What Matters to Our Master?
Sermon by Rick Crandall
Grayson Baptist Church - March 20, 2013
*Some things matter to us and some things don't.
Jim Kane reminds us in a little memory quiz that included these fill-in-the-blank questions:
1. Name the last 5 Academy Award winners for best actor.
2. Name the last five winners of the Miss America contest.
3. Name the last 10 winner of the World Series.
*Very few people would know the answer to even one of those questions, but how about these questions:
1. Name a few teachers who helped your journey through school.
2. Name 3 friends who helped you through a tough time.
3. Think of a few people who have made you feel appreciated and special.
*The people who matter to us are not the ones with the most money or awards.
They are the ones who cared.
They are the ones who got involved in our lives.
*Some things really matter to us and some things don't, but what about God?
What really matters to the Lord God Almighty?
Our Scripture tonight helps us to see.
And one of the things that matters the most to God is righteousness.
 We know this first, because here Jesus reaffirms the righteousness found in the Old Testament Law and the Prophets.
*There may have been some legalistic, unbelieving Pharisees listening to the Lord, and thinking: "I know this pretender is going to try to do away with God's Word and start a new religion."
There also may have been some people there looking for loopholes, so they could live any old ungodly way.
But Jesus knew their thoughts, and He took a strong stand for the righteous way of life commanded in the Old Testament.
*Listen to the Lord in vs. 17&18:
17. "Do not think that I came to destroy the Law or the Prophets.
I did not come to destroy but to fulfill.
For assuredly, I say to you, till heaven and earth pass away, one jot or one tittle will by no means pass from the law till all is fulfilled.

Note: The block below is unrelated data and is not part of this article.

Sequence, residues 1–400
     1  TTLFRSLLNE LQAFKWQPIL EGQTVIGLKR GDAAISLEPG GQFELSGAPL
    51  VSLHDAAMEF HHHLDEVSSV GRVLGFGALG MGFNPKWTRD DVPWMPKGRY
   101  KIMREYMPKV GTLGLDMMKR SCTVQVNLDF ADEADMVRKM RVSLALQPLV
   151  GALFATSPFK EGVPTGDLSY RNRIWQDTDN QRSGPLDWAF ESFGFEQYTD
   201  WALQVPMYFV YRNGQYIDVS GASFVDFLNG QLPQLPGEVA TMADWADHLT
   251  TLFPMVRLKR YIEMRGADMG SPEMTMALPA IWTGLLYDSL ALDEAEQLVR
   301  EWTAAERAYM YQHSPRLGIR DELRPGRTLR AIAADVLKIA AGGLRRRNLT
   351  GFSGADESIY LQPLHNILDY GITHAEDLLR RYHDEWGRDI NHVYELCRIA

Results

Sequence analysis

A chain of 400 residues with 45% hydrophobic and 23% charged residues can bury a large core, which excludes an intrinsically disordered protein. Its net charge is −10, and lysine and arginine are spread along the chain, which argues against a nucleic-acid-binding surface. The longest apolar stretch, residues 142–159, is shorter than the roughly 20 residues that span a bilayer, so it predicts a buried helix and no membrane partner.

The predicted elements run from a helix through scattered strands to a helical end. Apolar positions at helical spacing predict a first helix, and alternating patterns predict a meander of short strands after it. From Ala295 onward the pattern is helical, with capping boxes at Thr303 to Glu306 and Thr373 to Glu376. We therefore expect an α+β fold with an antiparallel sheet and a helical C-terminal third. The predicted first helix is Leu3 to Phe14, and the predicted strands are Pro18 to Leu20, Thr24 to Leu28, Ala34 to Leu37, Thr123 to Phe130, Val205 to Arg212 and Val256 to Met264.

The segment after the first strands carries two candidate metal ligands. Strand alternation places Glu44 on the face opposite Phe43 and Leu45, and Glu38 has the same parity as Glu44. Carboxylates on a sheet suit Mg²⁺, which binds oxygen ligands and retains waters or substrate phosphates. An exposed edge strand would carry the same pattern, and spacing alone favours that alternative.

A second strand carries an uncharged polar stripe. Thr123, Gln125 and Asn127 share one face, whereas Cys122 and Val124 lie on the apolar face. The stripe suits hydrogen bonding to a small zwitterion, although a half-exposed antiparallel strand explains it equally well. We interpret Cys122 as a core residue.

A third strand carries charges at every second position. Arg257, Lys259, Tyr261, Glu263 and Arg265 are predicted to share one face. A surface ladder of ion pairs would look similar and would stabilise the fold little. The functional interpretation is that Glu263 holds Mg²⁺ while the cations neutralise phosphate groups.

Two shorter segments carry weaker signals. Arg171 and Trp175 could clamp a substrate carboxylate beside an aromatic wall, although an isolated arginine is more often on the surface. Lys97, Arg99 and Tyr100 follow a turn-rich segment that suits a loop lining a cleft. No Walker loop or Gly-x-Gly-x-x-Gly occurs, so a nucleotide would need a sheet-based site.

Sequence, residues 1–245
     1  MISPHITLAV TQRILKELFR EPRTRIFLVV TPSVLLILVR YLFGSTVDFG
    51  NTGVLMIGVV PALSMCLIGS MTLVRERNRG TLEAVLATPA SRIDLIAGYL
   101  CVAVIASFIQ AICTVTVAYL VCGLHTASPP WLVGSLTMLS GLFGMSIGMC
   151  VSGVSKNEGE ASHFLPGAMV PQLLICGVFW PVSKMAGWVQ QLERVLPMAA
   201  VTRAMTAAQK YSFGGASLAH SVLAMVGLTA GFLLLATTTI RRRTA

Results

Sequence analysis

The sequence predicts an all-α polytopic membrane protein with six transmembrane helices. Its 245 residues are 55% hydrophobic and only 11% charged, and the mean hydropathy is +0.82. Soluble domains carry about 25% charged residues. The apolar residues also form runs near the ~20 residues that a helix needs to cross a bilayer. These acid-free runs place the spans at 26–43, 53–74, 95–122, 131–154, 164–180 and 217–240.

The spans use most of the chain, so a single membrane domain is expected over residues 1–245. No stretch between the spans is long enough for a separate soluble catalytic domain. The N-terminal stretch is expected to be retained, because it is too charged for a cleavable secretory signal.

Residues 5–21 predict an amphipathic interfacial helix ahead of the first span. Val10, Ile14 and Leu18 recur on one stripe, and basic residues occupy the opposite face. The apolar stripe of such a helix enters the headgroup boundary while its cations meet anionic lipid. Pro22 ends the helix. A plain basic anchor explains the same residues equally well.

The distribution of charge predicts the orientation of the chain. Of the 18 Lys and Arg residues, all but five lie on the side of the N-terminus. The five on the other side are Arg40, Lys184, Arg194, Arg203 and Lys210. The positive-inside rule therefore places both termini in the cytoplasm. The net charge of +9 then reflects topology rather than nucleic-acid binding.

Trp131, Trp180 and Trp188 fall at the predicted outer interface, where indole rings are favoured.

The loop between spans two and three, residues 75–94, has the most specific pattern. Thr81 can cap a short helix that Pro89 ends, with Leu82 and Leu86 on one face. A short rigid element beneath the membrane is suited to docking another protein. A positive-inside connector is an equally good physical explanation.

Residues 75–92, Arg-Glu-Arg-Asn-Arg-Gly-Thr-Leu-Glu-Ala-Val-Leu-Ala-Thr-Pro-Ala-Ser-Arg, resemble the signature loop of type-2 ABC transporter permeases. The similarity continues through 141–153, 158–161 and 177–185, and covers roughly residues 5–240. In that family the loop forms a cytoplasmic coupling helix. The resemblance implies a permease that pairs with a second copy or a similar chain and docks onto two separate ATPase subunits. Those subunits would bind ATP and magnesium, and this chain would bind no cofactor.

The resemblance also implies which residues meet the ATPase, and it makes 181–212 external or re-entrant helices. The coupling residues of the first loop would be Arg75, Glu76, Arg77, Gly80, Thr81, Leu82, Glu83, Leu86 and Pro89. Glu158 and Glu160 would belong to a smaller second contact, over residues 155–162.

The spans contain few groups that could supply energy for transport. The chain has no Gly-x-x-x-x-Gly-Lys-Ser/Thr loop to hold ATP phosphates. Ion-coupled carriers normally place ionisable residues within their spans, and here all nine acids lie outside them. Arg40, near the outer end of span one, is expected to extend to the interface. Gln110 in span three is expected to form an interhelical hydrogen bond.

*A "jot" was the smallest letter in the Hebrew alphabet.
"Tittle" literally means a little horn, so it's a little stroke on a letter of the alphabet.
The Lord is telling us here that when it comes to His law and His Word, He is dotting the "I's" and crossing the "T's".
And Jesus said: "Assuredly, I say to you, till heaven and earth pass away, one jot or one tittle will by no means pass from the law till all is fulfilled."
*When we think of Jesus Christ, who He is, and all He came to do, one of the key words is "fulfillment."
Jesus came to completely fulfill every part of God's Word and all of His commandments.
We see this truth over and over again in the New Testament.
*For example, in Matthew 1, when the angel appeared to Joseph to announce the birth of Jesus, the Word of God says:
22. Now all this was done that it might be FULFILLED which was spoken by the Lord through the prophet, saying:
"Behold, a virgin shall be with child, and bear a Son, and they shall call His name 'Immanuel,' which is translated, 'God with us.'"
*In the Garden of Gethsemane on the night before the cross, Peter had drawn his sword and slashed the servant of the high priest.
And in Matthew 26:52-54, Jesus said to Peter:
52. . .
"Put your sword in its place, for all who take the sword will perish by the sword.
Or do you think that I cannot now pray to My Father, and He will provide Me with more than twelve legions of angels?
How then could the Scriptures be FULFILLED, that it must happen thus?"
*When Jesus rose from the dead, He appeared to the Apostles.
He ate with them.
And in Luke 24:
Then He said to them, "These are the words which I spoke to you while I was still with you, that all things must be FULFILLED which were written in the Law of Moses and the Prophets and the Psalms concerning Me."
And He opened their understanding, that they might comprehend the Scriptures.
*Jesus Christ is completely committed to fulfill His Word, including every letter of His Law.
But what does His commitment have to do with us as believers?